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Wednesday, January 8, 2020

Revisiting The Library Of Leftovers

Back in 2014, I began a process to sporadically re-visit blog posts from the same date three years earlier to see what might have shifted for me over the ensuing years. And I requested you join me by re-visiting any writing you may have done on that same date, in a journal or otherwise. Although not many of you have commented that you've tagged along with me on my retrospective pursuit, some days, like today, give me a lot to work with. On every January 8 from 2012 - eight years back - to 2017, I was reflecting on something and published, even when it might have been wise to resist doing so. How about you? What was on your mind on January 8 anywhere from 2017 to as far back as you have any written record? Anything catching you up short? 

https://reflectionsfromthebellcurve.blogspot.com/2016/01/the-library-of-leftovers.html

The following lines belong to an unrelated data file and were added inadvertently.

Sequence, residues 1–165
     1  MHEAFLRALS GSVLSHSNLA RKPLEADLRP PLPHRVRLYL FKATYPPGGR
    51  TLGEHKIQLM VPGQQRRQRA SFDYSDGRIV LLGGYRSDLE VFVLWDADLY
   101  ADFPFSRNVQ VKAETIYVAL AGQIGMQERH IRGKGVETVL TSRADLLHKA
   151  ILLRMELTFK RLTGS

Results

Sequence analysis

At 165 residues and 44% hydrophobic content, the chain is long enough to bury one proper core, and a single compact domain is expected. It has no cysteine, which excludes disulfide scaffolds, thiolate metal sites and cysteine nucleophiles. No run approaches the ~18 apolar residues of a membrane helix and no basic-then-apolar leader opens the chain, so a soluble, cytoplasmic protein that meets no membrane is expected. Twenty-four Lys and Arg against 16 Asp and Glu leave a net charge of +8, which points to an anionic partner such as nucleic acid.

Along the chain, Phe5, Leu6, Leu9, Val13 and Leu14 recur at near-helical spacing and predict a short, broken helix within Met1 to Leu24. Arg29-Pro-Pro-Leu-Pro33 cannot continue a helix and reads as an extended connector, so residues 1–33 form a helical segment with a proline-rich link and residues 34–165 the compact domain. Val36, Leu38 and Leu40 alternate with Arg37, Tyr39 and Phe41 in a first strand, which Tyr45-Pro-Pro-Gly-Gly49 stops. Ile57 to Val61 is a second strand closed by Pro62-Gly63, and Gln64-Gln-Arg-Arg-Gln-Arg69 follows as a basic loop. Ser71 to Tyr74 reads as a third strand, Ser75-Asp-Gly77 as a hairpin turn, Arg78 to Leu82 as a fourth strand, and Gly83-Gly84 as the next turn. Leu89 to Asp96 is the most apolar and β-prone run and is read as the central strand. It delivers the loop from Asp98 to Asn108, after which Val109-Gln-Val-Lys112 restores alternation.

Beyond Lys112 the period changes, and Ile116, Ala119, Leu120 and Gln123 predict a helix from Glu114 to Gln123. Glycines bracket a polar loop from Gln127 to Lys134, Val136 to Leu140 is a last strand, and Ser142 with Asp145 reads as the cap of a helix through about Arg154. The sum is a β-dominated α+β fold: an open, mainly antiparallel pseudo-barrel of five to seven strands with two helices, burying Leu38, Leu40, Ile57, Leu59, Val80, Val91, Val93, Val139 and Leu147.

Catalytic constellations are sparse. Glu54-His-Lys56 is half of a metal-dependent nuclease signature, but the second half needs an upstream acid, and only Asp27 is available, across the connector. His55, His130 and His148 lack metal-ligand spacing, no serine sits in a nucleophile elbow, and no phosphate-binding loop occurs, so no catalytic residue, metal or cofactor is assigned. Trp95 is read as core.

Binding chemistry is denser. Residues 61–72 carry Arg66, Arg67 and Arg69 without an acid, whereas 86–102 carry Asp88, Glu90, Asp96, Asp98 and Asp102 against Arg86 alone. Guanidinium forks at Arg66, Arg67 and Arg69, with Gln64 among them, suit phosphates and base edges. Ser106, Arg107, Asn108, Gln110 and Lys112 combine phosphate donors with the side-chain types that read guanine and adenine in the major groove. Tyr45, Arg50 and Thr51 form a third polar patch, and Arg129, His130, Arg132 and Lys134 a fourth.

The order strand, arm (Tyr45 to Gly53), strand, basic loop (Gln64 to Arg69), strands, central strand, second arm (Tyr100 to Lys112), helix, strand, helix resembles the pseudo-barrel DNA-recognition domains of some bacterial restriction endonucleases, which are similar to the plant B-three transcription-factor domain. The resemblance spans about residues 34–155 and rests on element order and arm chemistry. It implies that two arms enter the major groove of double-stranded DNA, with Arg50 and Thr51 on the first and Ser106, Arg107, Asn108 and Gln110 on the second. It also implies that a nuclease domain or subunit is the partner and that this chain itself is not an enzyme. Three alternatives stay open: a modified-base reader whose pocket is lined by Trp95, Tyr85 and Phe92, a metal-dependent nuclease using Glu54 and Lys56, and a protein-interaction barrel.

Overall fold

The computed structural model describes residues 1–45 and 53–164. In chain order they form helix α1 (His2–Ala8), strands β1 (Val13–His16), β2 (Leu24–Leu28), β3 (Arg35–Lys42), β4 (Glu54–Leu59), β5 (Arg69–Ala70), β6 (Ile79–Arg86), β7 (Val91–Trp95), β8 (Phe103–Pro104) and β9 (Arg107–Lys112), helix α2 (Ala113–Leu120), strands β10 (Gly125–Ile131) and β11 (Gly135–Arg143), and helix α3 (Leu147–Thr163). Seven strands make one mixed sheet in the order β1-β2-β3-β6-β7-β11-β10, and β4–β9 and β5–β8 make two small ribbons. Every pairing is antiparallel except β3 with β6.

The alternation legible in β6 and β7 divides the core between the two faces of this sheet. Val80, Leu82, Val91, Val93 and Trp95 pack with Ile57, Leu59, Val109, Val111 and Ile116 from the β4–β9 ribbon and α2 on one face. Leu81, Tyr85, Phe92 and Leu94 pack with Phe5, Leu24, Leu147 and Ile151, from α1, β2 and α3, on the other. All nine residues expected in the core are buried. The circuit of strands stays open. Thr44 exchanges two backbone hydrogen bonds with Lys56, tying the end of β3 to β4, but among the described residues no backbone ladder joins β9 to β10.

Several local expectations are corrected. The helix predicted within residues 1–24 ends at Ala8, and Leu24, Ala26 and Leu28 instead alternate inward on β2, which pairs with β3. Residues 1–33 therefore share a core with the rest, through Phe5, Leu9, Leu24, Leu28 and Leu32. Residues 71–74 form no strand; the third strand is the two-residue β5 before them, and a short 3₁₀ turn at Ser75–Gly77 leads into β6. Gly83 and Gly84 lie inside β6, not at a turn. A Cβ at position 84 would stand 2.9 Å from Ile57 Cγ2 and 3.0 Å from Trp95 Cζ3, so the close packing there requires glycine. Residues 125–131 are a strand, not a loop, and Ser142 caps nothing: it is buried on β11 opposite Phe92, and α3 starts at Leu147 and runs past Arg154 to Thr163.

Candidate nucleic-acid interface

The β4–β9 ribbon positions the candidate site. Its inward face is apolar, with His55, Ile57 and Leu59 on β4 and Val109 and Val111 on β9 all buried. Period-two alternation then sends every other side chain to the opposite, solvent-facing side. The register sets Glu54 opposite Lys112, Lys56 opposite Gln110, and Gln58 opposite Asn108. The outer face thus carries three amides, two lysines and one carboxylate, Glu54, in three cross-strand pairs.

So, given a weird preoccupation I've recently developed for organizing the library of leftovers at the Meals on Wheels location where I volunteer every Monday, re-reading my post above from January 8, 2016 reminds me how some habits die hard. Many of my spare minutes between kitchen tasks at Meals on Wheels these days are spent shuffling books, grouping them by author - in descending order of the number of titles for each - fiction vs. non-fiction, hardcover vs. paperback, ad nauseam. Given this odd quirk, after re-reading that four year old post, I felt strangely obliged to note James Patterson is in the top five in the library of leftovers at Meals on Wheels just as he was in that ski house. The other four authors occupying major shelf space at the ski house? MIA at Meals on Wheels. In their place, in descending order: Clive Cussler, John Grisham, Sidney Sheldon, Dale Brown. A total of nine mass market authors in the top slots of two libraries of leftovers. How many of the nine have you read anything by? Like any self-respecting book snob, I'm saving my answer to that question until at least one of you comes clean. I've already embarrassed myself here quite enough.

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